2. Add a cold air intake – I am a little hesitant to suggest this, because in my experience it really does not produce any improvement you’ll notice, but at least in principle, if you can get the intake air temperature cooler, it will improve overall engine efficiency.   Most engines take in air under the hood where it’s already pretty hot.  A good cold air intake sucks in air from an area where it has not been preheated much by the engine.   It also should not restrict the flow of air by much, since that makes the engine work harder.   I’d recommend against putting one in if you don’t know what you’re doing, because improper installation can cause a lot of problems, some of which could ruin your engine.  And in any case, don’t expect this to make more than a very modest difference.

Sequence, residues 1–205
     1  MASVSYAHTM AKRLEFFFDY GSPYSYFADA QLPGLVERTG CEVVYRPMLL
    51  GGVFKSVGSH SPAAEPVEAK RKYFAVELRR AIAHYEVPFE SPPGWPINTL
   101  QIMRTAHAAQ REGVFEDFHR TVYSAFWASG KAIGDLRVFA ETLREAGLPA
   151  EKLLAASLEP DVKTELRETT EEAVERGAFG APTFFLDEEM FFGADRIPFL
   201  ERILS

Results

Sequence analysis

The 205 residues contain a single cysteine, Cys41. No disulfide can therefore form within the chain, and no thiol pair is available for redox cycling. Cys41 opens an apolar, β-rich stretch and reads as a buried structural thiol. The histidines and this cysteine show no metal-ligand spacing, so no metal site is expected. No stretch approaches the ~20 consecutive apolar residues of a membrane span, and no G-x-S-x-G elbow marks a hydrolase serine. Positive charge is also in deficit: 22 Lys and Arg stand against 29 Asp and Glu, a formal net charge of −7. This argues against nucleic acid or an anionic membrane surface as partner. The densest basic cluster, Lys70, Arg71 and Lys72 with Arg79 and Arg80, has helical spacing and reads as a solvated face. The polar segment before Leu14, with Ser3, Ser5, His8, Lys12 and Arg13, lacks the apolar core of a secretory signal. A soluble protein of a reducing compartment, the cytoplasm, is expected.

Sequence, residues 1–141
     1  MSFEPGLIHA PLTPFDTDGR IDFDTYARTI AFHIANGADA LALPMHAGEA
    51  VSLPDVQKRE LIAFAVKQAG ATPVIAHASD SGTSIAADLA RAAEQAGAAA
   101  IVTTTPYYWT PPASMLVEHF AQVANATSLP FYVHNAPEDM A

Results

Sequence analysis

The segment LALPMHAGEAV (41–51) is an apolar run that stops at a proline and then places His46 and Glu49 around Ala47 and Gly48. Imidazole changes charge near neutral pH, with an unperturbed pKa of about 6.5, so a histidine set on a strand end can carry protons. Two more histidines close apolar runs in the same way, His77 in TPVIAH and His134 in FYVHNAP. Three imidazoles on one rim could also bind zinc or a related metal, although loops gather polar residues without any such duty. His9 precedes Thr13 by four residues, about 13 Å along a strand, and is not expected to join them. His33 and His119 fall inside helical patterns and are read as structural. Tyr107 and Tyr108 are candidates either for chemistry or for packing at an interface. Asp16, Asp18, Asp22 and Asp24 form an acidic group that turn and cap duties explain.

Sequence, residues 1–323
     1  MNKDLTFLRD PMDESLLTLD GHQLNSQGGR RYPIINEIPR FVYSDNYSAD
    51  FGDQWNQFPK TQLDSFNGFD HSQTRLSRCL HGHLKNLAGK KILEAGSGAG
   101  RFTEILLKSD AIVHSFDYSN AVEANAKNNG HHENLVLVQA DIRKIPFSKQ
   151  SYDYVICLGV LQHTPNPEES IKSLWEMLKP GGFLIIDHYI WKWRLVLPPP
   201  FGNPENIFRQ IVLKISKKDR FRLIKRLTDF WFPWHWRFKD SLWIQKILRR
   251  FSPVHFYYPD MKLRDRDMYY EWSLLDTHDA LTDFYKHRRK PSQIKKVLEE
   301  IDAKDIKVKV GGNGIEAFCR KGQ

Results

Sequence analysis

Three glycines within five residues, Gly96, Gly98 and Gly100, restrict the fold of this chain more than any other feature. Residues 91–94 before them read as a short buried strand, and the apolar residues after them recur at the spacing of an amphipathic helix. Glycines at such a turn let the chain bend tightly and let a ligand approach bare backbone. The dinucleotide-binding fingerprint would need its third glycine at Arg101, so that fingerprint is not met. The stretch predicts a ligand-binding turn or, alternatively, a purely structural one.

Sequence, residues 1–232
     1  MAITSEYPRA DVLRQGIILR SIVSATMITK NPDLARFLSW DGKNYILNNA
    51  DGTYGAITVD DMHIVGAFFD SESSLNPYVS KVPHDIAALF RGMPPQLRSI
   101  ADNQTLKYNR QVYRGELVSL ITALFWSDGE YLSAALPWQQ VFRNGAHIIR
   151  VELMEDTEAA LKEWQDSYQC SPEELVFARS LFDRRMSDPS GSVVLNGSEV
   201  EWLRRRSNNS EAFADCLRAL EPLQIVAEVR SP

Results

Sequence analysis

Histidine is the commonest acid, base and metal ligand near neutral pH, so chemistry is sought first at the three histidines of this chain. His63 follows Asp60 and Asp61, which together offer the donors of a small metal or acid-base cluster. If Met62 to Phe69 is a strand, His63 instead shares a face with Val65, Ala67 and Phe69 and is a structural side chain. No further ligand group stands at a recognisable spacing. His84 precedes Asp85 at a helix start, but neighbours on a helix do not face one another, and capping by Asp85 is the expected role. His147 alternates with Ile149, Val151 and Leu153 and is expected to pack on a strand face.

3. Upgrade to a low resistance exhaust system – The exhaust system you choose for your car never will improve the performance of the engine directly.  An engine will always do best if it has no exhaust system at all, and just vents out the gas directly from the exhaust manifold.  That would be very loud and dirty, however, and modern regulations require a catalytic converter.  Pushing the exhaust through the piping, the catalytic converter and the muffler makes the engine do a little extra work.  Therefore, if you install an exhaust system with less resistance, such as larger pipes and a less restrictive muffler, it can result in the engine generating slightly more horsepower from the same amount of fuel.  Again, don’t expect anything major from this.   Most people who put performance mufflers on their car really just want it to sound loud and obnoxious.   Making the exhaust system actually as low resistance as possible requires completely rebuilding it, which is expensive and probably not worth the modest savings you’ll get.